This is all just playing catch-up to the rest of the web in 2012, but Craigslist is fixing to do more. In one job listing, the company said it was looking for engineers to make the site merely "faster, friendlier and easier," but also "develop new products and features that will have CL users swooning."
Why maps came first
Craigslist dominates in the US and Canada, but companies like Naspers have won out in international markets through aggressiveness and innovation. At home, American startups have proven that simple innovations can lead to rapid growth.
Craigslist has been particularly threatened by startups edging in on its lucrative real estate listings. PadMapper had more than a million page views a month at its peak. Lovely, which launched a year ago, took the same concept and added a prettier design, real-time inventory, and integration with Facebook, and is on track to hit 300,000 page views by the end of 2012.
Craigslist's new Map View is available in Los Angeles, San Francisco, and Ann Arbor, MI, with more cities to come.
"If you take the non-cynical point of view, Craigslist finally realized through community feedback that the users want certain features," said Blake Pierson, founder of Lovely. "If you take the more cynical view, it’s sites like Lovely and PadMapper. Like, ‘these guys are doing really well with these map-based searches and we’re losing market share, we need to do something.’"
There are a few sites that have successfully competed with Craigslist in some categories, such as StubHub for ticket sales, TaskRabbit for "gigs," and Etsy for arts and crafts. None of these was enough to shake Craigslist's traffic or impact its revenue, which historically has only come from real estate, jobs, and until recently, sex. Craigslist has more competition in the jobs category, which according to AIM brings in the bulk of its revenue. However, like online daters, job-seekers will look on multiple sites — and the price of a Craigslist job ad is low enough to keep employers posting.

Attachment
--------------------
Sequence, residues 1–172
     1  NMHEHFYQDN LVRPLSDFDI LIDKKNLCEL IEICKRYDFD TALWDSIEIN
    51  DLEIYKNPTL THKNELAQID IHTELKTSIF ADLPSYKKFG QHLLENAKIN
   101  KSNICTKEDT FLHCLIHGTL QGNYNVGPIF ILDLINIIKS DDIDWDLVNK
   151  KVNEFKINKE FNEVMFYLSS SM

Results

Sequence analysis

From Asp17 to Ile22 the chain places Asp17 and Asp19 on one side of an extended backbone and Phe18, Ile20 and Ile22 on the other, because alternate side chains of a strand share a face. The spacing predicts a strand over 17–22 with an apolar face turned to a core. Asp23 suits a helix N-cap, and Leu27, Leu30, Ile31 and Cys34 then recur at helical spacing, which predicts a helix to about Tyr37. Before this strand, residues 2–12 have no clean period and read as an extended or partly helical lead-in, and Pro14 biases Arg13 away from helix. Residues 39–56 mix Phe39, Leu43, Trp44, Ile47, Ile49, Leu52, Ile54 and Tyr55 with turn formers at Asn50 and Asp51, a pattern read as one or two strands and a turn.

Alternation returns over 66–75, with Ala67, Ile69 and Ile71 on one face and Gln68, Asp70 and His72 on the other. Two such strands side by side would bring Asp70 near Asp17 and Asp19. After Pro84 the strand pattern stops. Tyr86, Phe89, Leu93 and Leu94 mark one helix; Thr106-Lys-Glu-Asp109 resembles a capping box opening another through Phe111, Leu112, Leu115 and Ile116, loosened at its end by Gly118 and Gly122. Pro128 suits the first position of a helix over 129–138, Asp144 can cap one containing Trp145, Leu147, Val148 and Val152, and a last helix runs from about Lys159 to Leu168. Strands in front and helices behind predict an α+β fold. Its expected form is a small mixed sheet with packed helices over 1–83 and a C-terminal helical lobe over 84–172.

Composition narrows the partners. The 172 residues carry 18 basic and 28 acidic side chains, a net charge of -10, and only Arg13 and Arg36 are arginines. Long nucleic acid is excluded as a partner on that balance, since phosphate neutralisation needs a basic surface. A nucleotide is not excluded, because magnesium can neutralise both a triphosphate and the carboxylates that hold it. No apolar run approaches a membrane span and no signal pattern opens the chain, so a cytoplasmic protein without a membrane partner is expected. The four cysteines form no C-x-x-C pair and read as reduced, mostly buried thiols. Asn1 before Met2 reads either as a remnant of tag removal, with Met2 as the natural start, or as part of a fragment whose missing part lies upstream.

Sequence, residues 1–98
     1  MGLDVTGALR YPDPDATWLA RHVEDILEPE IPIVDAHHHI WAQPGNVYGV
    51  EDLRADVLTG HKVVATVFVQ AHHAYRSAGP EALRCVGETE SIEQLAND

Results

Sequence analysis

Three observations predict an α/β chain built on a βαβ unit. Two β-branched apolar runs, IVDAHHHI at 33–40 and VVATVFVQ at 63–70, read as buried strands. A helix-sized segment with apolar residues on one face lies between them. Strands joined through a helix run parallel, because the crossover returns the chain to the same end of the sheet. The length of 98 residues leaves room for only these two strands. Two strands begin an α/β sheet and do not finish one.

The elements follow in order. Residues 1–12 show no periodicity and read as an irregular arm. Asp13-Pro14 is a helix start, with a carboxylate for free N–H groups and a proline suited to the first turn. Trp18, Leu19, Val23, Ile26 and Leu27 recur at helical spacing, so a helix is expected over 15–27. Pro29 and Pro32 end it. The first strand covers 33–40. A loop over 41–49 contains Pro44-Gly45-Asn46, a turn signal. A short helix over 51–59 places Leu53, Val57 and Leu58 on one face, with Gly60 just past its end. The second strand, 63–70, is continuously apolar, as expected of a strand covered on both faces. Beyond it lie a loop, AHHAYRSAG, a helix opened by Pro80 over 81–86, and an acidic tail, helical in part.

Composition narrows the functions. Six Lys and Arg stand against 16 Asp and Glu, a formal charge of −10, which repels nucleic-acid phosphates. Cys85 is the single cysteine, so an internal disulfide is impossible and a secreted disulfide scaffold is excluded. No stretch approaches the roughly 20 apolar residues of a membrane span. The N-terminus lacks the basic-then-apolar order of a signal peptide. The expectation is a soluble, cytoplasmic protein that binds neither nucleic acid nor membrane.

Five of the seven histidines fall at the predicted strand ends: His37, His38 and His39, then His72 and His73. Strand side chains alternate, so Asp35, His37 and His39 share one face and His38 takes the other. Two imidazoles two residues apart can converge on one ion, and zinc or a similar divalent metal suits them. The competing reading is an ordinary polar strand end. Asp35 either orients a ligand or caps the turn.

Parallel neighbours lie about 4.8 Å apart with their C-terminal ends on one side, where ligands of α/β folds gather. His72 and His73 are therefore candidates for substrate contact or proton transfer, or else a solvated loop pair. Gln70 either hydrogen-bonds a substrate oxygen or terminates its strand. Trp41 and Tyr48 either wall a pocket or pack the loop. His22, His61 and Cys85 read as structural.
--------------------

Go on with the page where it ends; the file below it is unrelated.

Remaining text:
Craigslist’s foil: Airbnb
Craigslist may have also noticed the birth of a young startup facilitating temporary housing rentals. Airbnb cut its teeth at the Y Combinator accelerator program, toddled around raising money from investors, and was valued at a billion dollars by age three.
Craigslist charges for just a few types of ads: $25 to $75 for job postings in certain cities, $10 for brokered apartment listings in New York, and $5 to $10 for "therapeutic services" ads, which have taken in some of the refugees from the shuttered "adult services." Temporary by-owner rentals are not a revenue generator for Craigslist, so Airbnb hasn’t cut into its business. But Airbnb expanded into sublets last year, and it could easily start serving real estate professionals, who brought in around $13 million for Craigslist in 2011 according to research firm AIM Group.
Like Craigslist, Airbnb is a peer-to-peer marketplace. But while Craigslist is vintage internet, Airbnb is a collision of all the hottest industry trends, including the rounded corners of chic web design, the recession-friendly idea of resource sharing, an obsession with convenience, and a premium on user-friendliness. Even the most basic features, like the ability to pay on the site, draw stark contrasts between the two. Airbnb has Facebook integration, user reviews, private messaging, maps that populate with new results as you zoom in and out, and lots of big, pretty pictures. "I unabashedly adore the site and most everything about it," wrote Victoria Morehead, a creative director at Brooks Bell, in an open love letter to Airbnb. Sure enough, the site makes her "swoon with geeky admiration."